Rami Calis, DPMAbout Rami Calis, DPM:

Rami Calis, DPM, is assistant professor in the Department of Orthopedics. He is board certified and a Diplomate, American Board of Podiatric Orthopedics and Primary Podiatric Medicine, with an interest in sports medicine of the lower extremity and foot and ankle biomechanics. Dr. Calis sees patients at Emory Orthopaedics & Spine Center at Executive Park and also in Sugarloaf, at our satellite office. Dr. Calis’ professional goal is to improve patient care and quality of life for patients with foot and ankle problems. Dr. Calis began practicing at Emory in 2003.

Orthop(a)edics 101

Orthopedics 101Is it “orthopaedic” or “orthopedic”? What does “musculoskeletal” really mean? What’s the difference between a ligament and a tendon? Today we’re going to answer some of the more pressing questions people have about this fascinating area of medicine.

First off, let’s discuss the use of orthopaedic v. orthopedic. Orthopaedic is derived from the Greek orthos, for correct or straight, and paideion, for child. Today, orthop(a)edics refers to the correction of spinal and bony deformities in both children and adults. In the U.S., we like to keep things simple, so “orthopedics” has become the standard spelling. In Great Britain and its other former (non-U.S.) colonies, orthopaedics is preferred. The academic world, like the Brits, enjoys fancying things up, so in most universities and other academic settings, orthpaedics stands. Microsoft Word prefers it without the “a.” Take your pick.

Simply put, orthopaedic (or orthopedic) surgery is the branch of surgery concerned with conditions of the musculoskeletal system. What’s the musculoskeletal system? Clearly, it’s a system that involves the muscles and the skeleton. Also called the “locomotor system,” the musculoskeletal system includes the parts of your body that help you move. And help you stay in one place. The bones provide stability, while the muscles help the bones stay in place and move. Joints allow motion, and cartilage keeps the bone ends from rubbing against one another. It’s all about how bones are connected to other bones and joints and muscles by connective tissues called tendons and ligaments.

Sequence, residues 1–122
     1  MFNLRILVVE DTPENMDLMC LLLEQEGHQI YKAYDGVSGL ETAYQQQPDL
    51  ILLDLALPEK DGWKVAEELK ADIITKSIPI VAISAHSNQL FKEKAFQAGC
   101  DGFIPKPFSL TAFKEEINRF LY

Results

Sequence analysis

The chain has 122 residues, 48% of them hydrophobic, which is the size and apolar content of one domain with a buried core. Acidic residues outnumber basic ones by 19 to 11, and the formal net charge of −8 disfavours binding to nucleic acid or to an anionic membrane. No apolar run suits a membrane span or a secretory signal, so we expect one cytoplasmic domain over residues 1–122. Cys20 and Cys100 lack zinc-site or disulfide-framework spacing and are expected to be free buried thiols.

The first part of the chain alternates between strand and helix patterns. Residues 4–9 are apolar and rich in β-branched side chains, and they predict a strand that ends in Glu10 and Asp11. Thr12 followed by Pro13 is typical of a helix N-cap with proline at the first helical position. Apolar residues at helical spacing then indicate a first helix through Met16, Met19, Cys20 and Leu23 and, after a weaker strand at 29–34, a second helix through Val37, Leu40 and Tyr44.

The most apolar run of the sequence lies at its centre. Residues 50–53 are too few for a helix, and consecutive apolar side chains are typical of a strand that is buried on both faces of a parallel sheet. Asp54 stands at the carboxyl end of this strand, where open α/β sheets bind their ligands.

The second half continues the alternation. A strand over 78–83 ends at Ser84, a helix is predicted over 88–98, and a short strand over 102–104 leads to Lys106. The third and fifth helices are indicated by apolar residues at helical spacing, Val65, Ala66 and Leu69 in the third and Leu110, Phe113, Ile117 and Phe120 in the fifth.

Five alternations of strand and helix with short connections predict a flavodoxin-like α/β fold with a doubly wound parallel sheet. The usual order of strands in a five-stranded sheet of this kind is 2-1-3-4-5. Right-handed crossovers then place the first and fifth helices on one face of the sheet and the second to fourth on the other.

What’s the difference between a tendon and a ligament, you ask? A tendon (or sinew) is a tough band of tissue that connects the muscle to the bone. A ligament connects bones to other bones. But wait—let’s not forget the fascia. The fascia is a layer of fibrous tissue that surrounds muscles and groups of muscles, as well as blood vessels and nerves, and binds all of these together. The layers of fascia include a superficial fascia (connected to the dermis, or skin), a deep fascia (surrounding the bones and muscles), and a subserous, or visceral, fascia (supporting the organs).